The Block Island Times

Featured Letter: Whitten’s Bench

Dec 23, 2013

To the Editor:

On Oct. 6, we celebrated Whitten’s 26th birthday without him. We performed random acts of kindness in his name. He admired kindness in himself as well as others. In his honor sits a bench in front of the National Hotel. We say it’s a perfect place, one in which the storms will all be weathered, a place to sit with early morning coffee. A place we pass day in and day out when we are upon the Block.

On Dec. 20, we will once again come together as family and friends and memorialize Whitten. The date marks his birthday in heaven, he will be one. Whitten is at peace and no longer suffering the way he suffered in life. The nights were long, similar to the winters upon the island. Whitten was unable to get through his long dark night, depression took his life early in the morning.

My nephew lived in Brooklyn and worked at Demos, a non-profit, in Manhattan. He was bright and articulate, enjoyed debate and politics, edited the Breeze at James Madison, loved fonts and layouts, enjoyed friends and family, had a great sense of humor and loved his computer. I don’t sense he knew how many people loved him to the extent that they loved him. The love that I speak of does not go away, it does not end, life itself changes but our love is manifested in the different ways those left behind continue on in life.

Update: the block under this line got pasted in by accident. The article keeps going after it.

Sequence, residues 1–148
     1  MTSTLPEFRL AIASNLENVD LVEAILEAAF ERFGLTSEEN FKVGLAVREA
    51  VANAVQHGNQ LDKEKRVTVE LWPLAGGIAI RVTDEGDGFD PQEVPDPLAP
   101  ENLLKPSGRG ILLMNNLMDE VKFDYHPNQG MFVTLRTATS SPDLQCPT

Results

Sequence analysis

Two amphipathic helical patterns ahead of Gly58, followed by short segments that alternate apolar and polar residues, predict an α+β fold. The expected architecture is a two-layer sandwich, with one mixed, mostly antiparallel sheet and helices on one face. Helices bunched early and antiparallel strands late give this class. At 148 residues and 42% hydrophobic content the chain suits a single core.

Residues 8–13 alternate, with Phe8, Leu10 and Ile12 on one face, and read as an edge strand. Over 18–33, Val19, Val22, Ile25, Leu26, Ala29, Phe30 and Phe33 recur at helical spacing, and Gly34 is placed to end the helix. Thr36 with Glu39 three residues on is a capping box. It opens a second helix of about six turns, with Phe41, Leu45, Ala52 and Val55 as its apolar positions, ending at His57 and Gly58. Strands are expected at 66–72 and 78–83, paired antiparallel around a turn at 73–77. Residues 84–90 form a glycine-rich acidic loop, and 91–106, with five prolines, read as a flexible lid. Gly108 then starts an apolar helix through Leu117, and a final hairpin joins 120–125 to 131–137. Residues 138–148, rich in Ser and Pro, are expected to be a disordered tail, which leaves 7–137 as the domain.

The bench, donated by one of my brother Chip’s business groups, is shared with everyone; white, black, yellow, tan, rich, poor, Christian, Jew, Muslim, gay, straight, trans, etc. My wish is for “Whitten’s Bench” to make a difference. It would be wonderful if just one, teenager, mother, son, father, daughter, friend, Islander took the time to sit for just one more day. Choose life and find a path that can make you happy. Challenge yourself to be a survivor, get help, call a friend, a sibling, a clergy person, a teacher, a doctor. Just call, or sit another day upon “Whitten’s Bench.”

Each and every day I’m upon the island I love so much, I touch, or sit on the bench and have a moment with Whitten and the world. I share Whitten’s story today as we near the anniversary of his death and remember the person he was, the smile, the eyes, the beard, the quick wit. We miss you but continue on in the spirit of Kindness.

Love you, Whitten.

Aunt Jane

Chez Bon Repos

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